The Treasury Laws Amendment (More Competition, Better Prices) Act 2022 received royal assent on 9 November and is now in force. Maximum penalties for contraventions of the CCA and ACL have significantly increased, effective immediately, exposing business to very substantial risk. The need for robust policies, systems and training to ensure compliance with the legislation has never been more important.
Directors of Australian companies face significant personal monetary – and potential criminal and adverse professional – consequences if they allow the company to trade whilst insolvent.
Australian insolvent trading laws are harsher, and more frequently utilized to prosecute directors personally, than in many other jurisdictions including in the US and the UK.
Regulators and courts in common law jurisdictions around the world are being given significant and increasing powers to impose financial penalties without traditional criminal law safeguards. Competition law has been particularly susceptible to arguments that traditional safeguards should be discarded to aid regulators in securing convictions. In the first competition case to go to trial in Hong Kong, the Competition Tribunal held in 2019 that in competition proceedings seeking financial penalties, the authority had the burden to prove its case beyond reasonable doubt. This article considers the approach taken in other common law jurisdictions and scope to argue for increased safeguards and human rights protections for clients facing financial penalties.
On 28 September 2022, the Government introduced the Treasury Laws Amendment (More Competition, Better Prices) Bill 2022. If passed, the Bill will: introduce a civil penalty regime prohibiting the use of and reliance on unfair contract terms in standard form contracts; increase the maximum penalties that may be awarded for breaches of the civil penalty provisions in Parts IV, IVBA, X and XICA of the Competition and Consumer Act 2010 (and under the Australian Consumer Law to the greater of AUD 50 million, if the court can determine the value of the benefit obtained — three times the value of that benefit, if the court cannot determine the value of the benefit obtained — 30% of the body corporate’s adjusted turnover during the breach turnover period for the offence, act or omission, and increase the maximum civil penalty for breaches by telecommunications providers of the Competition Rule, to up to AUD 71 million plus AUD 3 million for every day that a contravention continues in the most serious cases.
The ACCC has announced two internet sweeps to identify misleading environmental and sustainability marketing claims and fake or misleading online business reviews and a separate sweep to target fake or misleading online reviews and testimonials. The sweeps are being conducted as part of the ACCC’s compliance and enforcement priorities for 2022-23 announced earlier this year, with the broad aim of identifying deceptive advertising and marketing practices related to the environment and sustainability.
The Minister for Education announced on 21 September 2022 that the government has directed the ACCC to commence an inquiry into the costs of childcare, and in particular why childcare costs have increased significantly in recent years (the announcement states the increase has been 41% in the past eight years). The announcement follows the government’s stated commitment to a comprehensive plan for cheaper childcare and addressing rising costs of living as announced during the Federal Election.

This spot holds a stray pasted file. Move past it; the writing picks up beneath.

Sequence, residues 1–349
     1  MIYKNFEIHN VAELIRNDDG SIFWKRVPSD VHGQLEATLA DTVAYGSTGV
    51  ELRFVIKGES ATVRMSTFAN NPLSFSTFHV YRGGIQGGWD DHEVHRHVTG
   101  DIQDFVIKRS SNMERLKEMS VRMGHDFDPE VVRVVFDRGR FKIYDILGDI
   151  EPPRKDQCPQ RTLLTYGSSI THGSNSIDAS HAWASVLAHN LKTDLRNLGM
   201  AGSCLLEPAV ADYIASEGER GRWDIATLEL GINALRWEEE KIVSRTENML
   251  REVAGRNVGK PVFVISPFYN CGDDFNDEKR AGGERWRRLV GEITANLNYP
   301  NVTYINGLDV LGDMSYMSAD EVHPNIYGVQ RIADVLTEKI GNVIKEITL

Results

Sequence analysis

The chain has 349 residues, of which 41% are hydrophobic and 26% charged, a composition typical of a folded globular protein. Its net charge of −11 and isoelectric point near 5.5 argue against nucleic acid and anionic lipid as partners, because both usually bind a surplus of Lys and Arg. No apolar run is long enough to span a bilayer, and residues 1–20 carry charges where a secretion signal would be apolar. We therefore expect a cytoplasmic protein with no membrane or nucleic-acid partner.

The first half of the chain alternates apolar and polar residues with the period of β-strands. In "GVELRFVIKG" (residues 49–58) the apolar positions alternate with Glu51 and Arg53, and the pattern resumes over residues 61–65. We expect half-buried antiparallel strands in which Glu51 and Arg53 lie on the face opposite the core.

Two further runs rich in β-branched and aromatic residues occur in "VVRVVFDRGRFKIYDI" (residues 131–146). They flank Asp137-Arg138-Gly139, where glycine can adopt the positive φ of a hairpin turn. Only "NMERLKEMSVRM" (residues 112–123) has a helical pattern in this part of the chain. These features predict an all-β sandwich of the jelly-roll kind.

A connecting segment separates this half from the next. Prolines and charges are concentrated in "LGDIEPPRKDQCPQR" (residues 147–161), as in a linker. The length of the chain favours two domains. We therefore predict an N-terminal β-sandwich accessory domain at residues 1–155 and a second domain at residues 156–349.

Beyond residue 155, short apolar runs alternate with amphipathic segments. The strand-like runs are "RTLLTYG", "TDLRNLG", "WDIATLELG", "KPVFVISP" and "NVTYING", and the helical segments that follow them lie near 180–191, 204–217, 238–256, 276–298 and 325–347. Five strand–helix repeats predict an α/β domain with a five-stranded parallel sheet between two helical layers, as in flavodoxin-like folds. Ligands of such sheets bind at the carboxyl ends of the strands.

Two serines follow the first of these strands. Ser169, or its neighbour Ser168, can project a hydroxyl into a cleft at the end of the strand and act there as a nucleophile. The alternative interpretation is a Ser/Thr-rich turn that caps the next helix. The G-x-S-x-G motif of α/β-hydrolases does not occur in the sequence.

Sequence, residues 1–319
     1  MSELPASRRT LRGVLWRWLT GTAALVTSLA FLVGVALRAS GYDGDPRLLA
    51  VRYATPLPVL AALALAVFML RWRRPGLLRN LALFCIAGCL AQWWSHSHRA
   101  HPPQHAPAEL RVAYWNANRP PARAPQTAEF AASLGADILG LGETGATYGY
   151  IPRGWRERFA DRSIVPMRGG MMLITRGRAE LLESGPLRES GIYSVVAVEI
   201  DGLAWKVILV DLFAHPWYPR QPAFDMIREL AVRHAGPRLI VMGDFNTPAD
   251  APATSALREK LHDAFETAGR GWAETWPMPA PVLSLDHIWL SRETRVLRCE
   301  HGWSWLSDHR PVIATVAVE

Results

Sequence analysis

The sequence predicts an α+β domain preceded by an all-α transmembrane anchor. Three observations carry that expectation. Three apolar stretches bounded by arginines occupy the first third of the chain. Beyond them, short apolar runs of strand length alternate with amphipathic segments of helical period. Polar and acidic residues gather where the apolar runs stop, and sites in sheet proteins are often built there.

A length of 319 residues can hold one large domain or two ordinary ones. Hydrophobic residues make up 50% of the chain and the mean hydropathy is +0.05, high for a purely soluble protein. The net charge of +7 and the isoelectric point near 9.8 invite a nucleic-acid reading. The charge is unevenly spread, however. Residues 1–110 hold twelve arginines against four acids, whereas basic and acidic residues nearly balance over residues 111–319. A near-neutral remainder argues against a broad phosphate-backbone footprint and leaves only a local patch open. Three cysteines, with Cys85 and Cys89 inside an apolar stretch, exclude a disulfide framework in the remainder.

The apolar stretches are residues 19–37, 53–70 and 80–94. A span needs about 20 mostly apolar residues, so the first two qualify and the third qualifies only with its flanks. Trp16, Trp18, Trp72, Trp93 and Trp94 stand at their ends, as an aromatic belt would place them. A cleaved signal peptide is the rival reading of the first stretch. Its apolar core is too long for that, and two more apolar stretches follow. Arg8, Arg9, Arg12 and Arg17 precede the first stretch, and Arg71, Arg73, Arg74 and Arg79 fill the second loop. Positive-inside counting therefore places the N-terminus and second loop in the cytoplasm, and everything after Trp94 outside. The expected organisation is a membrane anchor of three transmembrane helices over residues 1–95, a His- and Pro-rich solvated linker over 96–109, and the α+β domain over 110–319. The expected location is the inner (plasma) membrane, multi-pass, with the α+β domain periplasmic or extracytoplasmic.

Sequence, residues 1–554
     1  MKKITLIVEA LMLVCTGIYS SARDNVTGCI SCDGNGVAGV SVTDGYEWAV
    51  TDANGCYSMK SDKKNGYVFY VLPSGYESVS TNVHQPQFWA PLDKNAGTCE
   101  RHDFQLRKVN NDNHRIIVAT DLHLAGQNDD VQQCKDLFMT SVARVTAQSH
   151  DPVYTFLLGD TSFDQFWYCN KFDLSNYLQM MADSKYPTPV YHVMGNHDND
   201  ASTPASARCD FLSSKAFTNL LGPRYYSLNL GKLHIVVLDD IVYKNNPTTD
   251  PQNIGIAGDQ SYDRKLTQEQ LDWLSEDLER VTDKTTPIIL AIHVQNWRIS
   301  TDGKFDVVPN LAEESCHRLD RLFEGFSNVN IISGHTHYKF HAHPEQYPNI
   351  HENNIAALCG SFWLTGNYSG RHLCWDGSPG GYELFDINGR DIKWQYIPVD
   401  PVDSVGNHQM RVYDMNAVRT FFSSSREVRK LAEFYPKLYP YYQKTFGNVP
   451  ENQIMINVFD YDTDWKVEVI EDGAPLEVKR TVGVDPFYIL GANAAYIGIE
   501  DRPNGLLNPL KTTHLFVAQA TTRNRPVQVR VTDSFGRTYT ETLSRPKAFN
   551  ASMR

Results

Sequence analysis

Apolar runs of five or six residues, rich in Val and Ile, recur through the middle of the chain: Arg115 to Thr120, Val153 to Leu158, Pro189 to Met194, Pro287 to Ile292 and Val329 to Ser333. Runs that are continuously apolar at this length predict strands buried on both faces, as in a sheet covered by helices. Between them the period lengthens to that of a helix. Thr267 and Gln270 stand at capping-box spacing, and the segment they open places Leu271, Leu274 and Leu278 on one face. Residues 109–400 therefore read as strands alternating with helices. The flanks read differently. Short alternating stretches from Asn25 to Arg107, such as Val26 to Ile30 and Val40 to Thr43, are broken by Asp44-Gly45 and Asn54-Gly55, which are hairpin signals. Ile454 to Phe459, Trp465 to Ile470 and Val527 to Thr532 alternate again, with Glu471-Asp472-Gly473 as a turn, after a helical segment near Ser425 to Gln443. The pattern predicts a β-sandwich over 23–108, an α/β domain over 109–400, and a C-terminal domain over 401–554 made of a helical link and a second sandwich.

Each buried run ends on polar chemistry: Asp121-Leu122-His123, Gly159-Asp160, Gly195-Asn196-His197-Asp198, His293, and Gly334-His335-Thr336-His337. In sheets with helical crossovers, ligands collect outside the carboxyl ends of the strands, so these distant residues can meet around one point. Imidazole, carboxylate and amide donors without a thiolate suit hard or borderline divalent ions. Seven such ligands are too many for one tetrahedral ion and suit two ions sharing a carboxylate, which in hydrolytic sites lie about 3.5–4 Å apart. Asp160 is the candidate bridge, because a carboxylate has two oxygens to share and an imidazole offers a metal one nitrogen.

Substantiating green claims, statements regarding price increases and minority interests in competing companies In brief The new ACCC Chair recently spoke at two competition law conferences, and described some of the key priorities for the ACCC for the year ahead. Key priorities include: issuing more substantiation notices (requiring a company to give…
On 30 August 2022, the Indonesian House of Representatives agreed to pass a law ratifying the Regional Comprehensive Economic Partnership, the largest regional free trade agreement outside the World Trade Organization — involving 10 ASEAN countries and five non-ASEAN countries, i.e., China, New Zealand, Australia, Japan and South Korea. With the passing of this law, which still requires promulgation by the President, RCEP is set to come into force for Indonesia, possibly before the end of the year.
On 18 August 2022, the Federal Government released for consultation the Treasury Laws Amendment (Competition and Consumer Reforms No. 1) Bill 2022: More competition, better prices. The exposure draft legislation seeks to significantly increase the maximum penalty per contravention to AUD 50+ million for corporations engaging in anti-competitive conduct (including, for example, cartel offences, misuse of market power, and exclusive dealing) under Part IV of the Competition and Consumer Act 2010 as well as for contraventions of the Australian Consumer Law. Penalties for breach of competition and consumer laws in Australia have increased rapidly in recent years, particularly in the context of consumer law contraventions, which will have seen an almost 50 times increase in the maximum penalty per contravention over a five year period (if the draft legislation is passed).
The Australian Securities and Investments Commission has, again, extended the transitional relief period for Foreign Financial Services Providers for a further 12 months to 31 March 2024, through the introduction of the ASIC Corporations (Amendment) Instrument 2022/623 on 28 July 2022. ASIC has stated the Amendment Instrument was introduced to provide certainty for the industry given the lapsing of the Treasury Laws Amendment (Streamlining and Improving Economic Outcomes for Australians) Bill 2022.